Wednesday, April 22, 2009

None of our peer firms are admitting this -- and we're not admitting it publicly either -- but we're absolutely rescinding some of our full-time offers to last year's summer associates. That's been the one thing people think none of the top firms are doing yet. Sure, we're delaying start dates, and laying off associates, and paying people to leave the firm for a year... but rescinding offers is that last flood wall that's keeping back the crush of bad press and point-of-no-return recruiting issues and really hamstringing our future attempts to reload once the economy turns around. People think it's not happening, but, secretly, it is. We're just desperate for word not to get out. So we're paying people off and making them sign airtight non-disclosure agreements.

(Sidenote: You want to keep associates without any work occupied for a couple of weeks, and scared out of their skulls? Have them write non-disclosure agreements people would have to sign to get their severance, and make them include all sorts of terrible, evil clauses, like about how they're giving up their right to sue for wrongful death in case someone from the firm follows them home the day they get fired and kills them... and then fire all the associates who worked on the documents. They won't sleep for a week.)

Through some independent testing, we've discovered that $12,000 is the right amount to keep those with rescinded offers from talking. Less than that, and we're worried they'll leak it. More than that, and we're just throwing money away. There are no jobs in this economy. They need the $12K to tide them over for a couple weeks. No one wants to risk having to miss a payment on the BMW they foolishly leased back when they thought they had a $160K/year job.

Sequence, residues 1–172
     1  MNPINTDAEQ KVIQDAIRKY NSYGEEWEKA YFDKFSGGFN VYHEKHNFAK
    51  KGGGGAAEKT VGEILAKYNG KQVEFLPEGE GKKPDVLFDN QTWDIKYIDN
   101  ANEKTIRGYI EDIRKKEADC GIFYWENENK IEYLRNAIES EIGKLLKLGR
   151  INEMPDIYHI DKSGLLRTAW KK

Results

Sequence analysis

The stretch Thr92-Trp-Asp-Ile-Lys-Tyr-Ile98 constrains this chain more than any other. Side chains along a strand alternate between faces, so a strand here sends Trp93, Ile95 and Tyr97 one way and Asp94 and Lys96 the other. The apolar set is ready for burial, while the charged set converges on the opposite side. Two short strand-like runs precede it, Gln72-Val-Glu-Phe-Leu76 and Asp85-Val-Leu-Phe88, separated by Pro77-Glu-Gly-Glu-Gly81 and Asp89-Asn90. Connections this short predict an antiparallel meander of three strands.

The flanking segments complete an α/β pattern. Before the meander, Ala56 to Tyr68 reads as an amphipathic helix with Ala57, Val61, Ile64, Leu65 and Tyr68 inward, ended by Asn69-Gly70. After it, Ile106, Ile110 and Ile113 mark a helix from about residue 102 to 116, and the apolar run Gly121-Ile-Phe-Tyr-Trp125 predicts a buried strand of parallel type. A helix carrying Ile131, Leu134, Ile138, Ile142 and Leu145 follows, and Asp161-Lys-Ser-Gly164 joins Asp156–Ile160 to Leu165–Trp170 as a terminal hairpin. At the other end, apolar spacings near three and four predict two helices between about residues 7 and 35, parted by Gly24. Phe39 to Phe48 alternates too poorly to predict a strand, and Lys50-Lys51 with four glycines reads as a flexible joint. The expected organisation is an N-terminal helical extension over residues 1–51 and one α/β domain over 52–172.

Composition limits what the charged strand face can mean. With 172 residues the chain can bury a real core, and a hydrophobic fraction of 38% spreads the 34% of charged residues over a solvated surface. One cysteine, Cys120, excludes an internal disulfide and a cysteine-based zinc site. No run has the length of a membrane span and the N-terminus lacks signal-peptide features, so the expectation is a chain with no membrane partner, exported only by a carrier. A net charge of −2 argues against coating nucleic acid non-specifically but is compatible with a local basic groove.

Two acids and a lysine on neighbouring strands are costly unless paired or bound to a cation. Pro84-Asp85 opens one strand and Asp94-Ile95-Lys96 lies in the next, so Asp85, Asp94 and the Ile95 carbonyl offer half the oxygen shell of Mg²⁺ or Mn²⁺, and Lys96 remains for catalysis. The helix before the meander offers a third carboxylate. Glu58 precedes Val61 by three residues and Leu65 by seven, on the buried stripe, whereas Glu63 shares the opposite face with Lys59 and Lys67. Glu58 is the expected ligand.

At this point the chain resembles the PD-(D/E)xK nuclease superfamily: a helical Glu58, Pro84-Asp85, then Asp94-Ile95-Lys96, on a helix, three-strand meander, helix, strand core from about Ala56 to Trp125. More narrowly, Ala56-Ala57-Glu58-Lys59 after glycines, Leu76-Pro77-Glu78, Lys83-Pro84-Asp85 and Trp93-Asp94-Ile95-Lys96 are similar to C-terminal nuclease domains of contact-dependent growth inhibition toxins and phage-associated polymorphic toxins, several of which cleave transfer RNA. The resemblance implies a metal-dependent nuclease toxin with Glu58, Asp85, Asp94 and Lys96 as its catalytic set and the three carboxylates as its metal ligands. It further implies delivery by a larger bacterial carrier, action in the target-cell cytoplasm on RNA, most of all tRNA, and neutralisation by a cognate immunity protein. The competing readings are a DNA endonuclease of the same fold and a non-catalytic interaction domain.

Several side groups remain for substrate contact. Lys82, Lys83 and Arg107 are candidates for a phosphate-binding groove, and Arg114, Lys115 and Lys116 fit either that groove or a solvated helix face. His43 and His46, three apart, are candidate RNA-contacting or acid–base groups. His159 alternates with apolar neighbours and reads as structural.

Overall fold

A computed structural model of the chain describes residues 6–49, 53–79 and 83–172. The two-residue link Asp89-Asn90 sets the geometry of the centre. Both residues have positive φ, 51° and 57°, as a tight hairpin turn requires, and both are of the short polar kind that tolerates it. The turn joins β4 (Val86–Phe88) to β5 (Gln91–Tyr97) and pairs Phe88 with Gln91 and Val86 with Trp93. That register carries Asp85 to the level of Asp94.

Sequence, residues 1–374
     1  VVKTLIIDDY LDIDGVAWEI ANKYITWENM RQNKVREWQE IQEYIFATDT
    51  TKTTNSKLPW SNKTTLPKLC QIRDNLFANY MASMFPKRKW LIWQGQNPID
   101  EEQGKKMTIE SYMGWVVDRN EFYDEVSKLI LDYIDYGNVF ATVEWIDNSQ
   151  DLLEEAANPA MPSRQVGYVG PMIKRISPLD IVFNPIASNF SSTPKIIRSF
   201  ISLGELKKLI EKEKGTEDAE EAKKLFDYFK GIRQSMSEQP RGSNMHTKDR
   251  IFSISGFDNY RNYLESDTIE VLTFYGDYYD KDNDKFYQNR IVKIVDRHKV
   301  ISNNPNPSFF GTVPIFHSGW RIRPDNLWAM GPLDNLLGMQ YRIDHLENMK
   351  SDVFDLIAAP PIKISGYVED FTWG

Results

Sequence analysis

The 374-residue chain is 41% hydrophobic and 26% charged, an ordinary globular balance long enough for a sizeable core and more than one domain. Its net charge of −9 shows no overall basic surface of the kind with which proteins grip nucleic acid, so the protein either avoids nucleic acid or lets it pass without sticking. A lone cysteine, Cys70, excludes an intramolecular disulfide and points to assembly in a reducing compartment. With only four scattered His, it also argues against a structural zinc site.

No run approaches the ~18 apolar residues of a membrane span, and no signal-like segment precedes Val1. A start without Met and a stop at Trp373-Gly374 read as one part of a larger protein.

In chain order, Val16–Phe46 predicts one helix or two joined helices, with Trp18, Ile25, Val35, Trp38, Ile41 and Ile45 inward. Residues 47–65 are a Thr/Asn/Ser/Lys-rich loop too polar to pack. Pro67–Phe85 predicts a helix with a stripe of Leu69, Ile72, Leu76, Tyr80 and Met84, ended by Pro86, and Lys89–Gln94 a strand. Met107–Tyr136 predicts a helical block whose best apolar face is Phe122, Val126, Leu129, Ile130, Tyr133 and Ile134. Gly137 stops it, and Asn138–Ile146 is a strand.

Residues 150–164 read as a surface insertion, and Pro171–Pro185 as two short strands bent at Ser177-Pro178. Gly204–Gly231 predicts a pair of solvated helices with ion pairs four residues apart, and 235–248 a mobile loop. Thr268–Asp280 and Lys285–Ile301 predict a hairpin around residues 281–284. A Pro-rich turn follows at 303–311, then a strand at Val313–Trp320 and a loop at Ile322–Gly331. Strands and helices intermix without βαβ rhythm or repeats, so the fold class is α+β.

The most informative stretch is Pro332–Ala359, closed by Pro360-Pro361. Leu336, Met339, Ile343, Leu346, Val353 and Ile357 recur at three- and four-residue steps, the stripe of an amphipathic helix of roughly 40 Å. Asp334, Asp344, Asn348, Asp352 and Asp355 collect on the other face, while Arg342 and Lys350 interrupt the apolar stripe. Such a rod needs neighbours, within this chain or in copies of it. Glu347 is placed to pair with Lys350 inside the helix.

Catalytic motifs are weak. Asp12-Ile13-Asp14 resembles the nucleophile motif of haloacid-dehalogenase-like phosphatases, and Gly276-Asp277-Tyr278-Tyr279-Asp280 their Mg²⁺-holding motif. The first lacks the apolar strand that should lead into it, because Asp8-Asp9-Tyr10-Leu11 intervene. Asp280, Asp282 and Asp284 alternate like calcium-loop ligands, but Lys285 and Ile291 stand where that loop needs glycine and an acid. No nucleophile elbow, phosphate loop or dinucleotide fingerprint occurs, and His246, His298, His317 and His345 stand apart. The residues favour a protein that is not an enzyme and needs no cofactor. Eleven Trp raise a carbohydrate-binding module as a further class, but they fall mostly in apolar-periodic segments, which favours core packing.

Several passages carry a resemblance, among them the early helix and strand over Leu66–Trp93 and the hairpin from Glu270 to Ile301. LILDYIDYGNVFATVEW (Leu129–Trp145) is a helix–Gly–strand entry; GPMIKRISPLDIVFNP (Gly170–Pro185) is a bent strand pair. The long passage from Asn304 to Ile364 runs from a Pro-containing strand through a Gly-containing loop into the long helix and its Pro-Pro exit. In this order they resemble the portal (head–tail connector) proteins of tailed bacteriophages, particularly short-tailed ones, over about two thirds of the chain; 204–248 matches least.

One of the people whose offer we rescinded was Number Two. I don't even remember his real name. No one does. This is one of the few nicknames that wasn't just in my head, but throughout pretty much the entire firm. I was in another summer's office last year, yelling at him for stapling a set of documents at the wrong angle (I like my staples vertical), when I noticed he had been Google-chatting with one of his colleagues down the hall. I heard the computer beep, and looked over to see the message. "Gotta sign off for a bit. I have to go #2." To his credit, the guy whose office I was in quickly clicked the window closed, hoping he could cover for his friend and I wouldn't see. (Have to admit, that showed me a lot about that guy -- didn't have the killer instinct, automatically wanted to protect his friend without considering any potential benefit to his own career... we didn't give him an offer at the end of the summer.)

But I did see, and almost forgot about the staple for a moment and started to laugh. Of course I didn't actually laugh. But I felt the urge for a split second. And then, once I was sufficiently convinced this guy would never staple incorrectly again, I stopped off at The Tax Guy's office and told him the #2 story. And soon enough, it spread throughout the firm. Killed the guy's reputation, was terribly embarrassing for him the rest of the summer. But he took the full-time offer anyway, since what else could he do... and last week, we rescinded it. Didn't even offer him the full $12,000. Offered him $8,000 and the promise that if another firm ever comes calling for a reference, we won't mention the incident. As soon as he heard that, he signed immediately. Good luck to him. In the job search, and in the bathroom.

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